If I do type the dash, the input box will just ignore the dash, and it will only allow me to enter in those characters. So that makes sure that the dashes are always exactly five characters apart from each other. And that's a visual way to provide a check while I'm entering this long string of characters. I can do this sort of visual check of, are my characters appearing in the right position in the string as they are printed on my card, and as it is being displayed on my screen.
You can do other kinds of checks-- like, if you try to do the same thing on the Apple App Store, I believe it could be numbers, it could be letters, or whatever, but you can hit OK as soon as you enter it in, and the system actually does a quick check before it even sends the code off to Apple on whether that's actually a valid string, that fits a certain kind of checksum algorithm. Before it sends it off to Apple. And if it's a wrong one, it just tells you right away, no, you actually made an error. You can fix that now. So you don't have to wait for it to hit the server and come back.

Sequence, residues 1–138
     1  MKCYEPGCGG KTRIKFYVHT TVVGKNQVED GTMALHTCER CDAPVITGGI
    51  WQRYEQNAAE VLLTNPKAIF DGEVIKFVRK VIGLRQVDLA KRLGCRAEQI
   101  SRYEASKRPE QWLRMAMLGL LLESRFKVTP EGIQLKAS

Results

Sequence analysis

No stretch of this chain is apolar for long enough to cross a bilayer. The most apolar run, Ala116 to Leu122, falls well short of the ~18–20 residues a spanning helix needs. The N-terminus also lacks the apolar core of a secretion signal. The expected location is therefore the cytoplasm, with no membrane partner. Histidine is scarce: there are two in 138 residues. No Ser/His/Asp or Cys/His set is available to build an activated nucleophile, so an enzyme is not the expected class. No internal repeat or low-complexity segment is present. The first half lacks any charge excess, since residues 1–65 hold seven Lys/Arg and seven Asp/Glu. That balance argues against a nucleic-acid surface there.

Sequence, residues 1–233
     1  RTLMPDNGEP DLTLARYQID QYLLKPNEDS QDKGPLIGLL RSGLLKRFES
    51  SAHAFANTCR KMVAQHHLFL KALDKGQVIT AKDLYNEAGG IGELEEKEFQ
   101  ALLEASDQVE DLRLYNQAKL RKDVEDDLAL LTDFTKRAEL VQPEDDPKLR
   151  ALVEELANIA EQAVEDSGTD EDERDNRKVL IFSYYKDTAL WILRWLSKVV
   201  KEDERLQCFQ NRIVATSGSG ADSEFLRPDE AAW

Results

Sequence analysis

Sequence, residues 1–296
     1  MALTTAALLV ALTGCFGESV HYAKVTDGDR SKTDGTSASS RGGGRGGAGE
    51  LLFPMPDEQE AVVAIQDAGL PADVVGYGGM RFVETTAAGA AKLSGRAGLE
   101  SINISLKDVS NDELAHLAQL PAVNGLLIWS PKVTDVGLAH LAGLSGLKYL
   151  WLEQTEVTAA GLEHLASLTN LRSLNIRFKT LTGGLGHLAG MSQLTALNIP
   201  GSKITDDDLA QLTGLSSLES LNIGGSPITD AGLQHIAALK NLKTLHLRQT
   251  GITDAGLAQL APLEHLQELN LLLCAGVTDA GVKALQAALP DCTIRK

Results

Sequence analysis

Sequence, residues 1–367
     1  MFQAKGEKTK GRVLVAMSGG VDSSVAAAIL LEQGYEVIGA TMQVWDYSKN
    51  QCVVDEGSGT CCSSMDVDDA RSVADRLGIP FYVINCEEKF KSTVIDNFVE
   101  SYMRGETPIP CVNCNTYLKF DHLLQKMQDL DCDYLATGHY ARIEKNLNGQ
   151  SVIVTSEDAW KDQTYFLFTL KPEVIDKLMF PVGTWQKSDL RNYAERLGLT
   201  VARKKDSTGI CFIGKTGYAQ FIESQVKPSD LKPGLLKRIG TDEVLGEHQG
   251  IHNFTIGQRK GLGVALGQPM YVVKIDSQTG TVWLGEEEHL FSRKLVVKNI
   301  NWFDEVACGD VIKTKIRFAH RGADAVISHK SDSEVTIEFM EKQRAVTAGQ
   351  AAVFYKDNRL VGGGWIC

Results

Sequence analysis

But say the error does happen. The player has made a mistake, and it happens to be a mistake that you know about as a designer. And you know this mistake is going to come up often. This kind of error is going to happen. And maybe it's a slip, maybe it's a mistake. And you want to provide some feedback.
So first of all, make sure that you are informing the player that an error has happened. And you need to test whether the information that you're providing, whether it's audio or visual, some combination of the two, is actually something that people notice and see, and then they realize that, oh, I've made a mistake somewhere. And then you've got to get them some tools to be able to fix that problem.